Selective mRNA Translation during the Plant Immune Response

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2020

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Abstract

The ability to rapidly alter gene expression is essential to surviving fluctuating environments. The disjunction between mRNA abundance and mRNA translation is of particular interest in stress responses that elicit large scale gene expression reprogramming. Targeted changes in the translation efficiency of select mRNA, within the standing pool of total mRNA, allow for rapid alterations in the proteome upon environmental cue. Here, I discover large changes in the translational landscape that are independent from the underlying transcriptional dynamics during the early stages of PAMP-Triggered Immunity (PTI) and a coordinated translational response during the later stage Effector-Triggered Immunity (ETI). Certain mRNAs borne features, such as mRNA methylation and uAUGs, which initiate uORFs, that are known to affect mRNA stability and translation activity, yet little is known about how these elements affect mRNA translation during infection stress. Through observations of translation dynamics, I investigated the impact of known and novel mRNA features on local immunity. In addition, I discovered additional facets of the plant immune response including a novel mRNA sequence consensus, which I call the R-motif that induces mRNA translation upon pathogen detection.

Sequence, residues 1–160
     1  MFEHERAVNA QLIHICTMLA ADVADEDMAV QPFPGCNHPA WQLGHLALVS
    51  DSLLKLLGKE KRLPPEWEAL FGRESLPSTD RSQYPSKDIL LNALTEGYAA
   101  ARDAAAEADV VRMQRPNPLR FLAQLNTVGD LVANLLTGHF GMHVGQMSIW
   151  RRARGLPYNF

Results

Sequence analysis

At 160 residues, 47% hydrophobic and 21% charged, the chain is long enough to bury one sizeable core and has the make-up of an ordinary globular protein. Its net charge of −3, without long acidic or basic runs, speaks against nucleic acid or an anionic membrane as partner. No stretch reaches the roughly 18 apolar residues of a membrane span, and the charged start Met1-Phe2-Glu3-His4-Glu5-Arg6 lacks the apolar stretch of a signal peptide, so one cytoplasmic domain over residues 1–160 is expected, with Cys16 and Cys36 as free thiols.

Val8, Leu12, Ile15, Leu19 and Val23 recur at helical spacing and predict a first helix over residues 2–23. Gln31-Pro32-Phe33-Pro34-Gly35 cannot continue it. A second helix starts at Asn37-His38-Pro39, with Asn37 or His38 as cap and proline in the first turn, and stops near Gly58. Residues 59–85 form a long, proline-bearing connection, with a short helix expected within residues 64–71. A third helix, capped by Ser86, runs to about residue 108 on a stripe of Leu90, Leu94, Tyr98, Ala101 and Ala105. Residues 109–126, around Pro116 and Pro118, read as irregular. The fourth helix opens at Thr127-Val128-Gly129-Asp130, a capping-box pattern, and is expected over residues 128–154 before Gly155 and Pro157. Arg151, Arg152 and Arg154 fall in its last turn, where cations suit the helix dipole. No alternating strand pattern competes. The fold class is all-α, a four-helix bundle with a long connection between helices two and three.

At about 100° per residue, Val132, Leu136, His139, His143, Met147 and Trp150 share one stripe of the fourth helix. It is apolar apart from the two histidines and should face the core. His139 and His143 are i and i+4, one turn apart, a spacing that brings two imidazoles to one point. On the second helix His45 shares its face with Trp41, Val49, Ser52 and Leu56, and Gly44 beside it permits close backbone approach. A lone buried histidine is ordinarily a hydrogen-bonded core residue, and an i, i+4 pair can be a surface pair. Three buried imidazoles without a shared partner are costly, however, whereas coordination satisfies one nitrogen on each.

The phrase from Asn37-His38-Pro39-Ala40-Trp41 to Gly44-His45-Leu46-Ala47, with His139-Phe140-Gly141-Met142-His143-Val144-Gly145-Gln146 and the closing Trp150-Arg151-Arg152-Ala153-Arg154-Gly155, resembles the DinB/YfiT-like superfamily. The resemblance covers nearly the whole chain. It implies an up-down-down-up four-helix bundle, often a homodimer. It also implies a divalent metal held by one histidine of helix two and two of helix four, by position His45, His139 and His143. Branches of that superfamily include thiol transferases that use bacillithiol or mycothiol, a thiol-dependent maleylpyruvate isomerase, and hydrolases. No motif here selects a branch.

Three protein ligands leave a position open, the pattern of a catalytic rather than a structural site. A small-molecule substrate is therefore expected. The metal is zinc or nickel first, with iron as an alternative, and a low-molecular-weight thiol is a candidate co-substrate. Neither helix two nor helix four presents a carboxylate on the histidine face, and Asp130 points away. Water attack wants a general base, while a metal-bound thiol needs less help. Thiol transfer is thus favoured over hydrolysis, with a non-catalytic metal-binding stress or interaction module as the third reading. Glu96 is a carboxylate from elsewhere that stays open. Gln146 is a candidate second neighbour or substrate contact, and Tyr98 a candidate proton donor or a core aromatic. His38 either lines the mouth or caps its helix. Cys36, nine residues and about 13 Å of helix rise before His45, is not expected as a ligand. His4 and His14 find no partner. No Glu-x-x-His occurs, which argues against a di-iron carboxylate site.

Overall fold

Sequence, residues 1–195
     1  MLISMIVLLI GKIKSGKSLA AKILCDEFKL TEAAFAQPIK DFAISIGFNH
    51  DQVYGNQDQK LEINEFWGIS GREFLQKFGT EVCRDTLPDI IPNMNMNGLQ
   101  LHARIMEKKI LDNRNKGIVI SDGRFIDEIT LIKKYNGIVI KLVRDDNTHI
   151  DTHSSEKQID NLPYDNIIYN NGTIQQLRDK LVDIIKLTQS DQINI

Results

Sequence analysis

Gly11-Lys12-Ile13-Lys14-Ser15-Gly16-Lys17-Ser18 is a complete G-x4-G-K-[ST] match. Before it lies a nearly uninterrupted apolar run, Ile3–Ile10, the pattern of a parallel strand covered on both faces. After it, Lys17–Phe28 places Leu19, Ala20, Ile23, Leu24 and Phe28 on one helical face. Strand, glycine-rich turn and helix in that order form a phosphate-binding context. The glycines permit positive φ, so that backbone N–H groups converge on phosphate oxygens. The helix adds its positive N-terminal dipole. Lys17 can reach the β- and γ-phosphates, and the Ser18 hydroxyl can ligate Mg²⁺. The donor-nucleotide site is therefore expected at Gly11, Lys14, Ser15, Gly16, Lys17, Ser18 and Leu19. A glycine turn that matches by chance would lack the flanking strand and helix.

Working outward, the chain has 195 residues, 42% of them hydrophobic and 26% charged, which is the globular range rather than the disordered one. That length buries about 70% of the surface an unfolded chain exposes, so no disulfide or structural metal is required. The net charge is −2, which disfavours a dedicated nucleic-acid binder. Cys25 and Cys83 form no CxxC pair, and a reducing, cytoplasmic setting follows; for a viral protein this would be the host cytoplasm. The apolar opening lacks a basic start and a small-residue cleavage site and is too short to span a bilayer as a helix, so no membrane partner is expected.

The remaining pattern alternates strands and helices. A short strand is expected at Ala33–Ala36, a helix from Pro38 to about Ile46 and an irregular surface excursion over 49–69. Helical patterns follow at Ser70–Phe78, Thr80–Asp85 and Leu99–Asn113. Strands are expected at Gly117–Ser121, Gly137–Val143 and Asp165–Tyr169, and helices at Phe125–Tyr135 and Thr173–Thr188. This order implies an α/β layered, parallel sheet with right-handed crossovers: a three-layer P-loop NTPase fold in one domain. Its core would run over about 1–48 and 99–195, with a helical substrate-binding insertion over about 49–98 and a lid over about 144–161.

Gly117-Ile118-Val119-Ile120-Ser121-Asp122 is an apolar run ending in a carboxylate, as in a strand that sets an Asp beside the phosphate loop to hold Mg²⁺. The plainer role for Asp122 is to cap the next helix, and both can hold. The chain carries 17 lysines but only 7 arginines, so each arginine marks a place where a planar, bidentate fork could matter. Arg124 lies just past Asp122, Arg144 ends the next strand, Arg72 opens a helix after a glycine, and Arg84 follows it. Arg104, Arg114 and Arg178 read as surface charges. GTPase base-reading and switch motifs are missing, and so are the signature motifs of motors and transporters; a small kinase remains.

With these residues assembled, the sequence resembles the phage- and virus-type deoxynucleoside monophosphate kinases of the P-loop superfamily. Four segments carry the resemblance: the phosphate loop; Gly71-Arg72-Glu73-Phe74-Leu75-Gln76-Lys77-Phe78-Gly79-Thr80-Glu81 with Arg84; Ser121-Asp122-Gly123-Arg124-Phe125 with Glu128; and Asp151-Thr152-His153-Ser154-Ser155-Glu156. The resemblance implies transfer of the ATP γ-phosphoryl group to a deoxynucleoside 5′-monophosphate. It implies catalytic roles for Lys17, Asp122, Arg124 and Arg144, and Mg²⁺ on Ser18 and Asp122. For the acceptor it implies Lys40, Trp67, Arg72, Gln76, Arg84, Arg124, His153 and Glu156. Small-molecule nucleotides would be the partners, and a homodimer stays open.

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Greene, George H (2020). Selective mRNA Translation during the Plant Immune Response. Dissertation, Duke University. Retrieved from https://hdl.handle.net/10161/20975.

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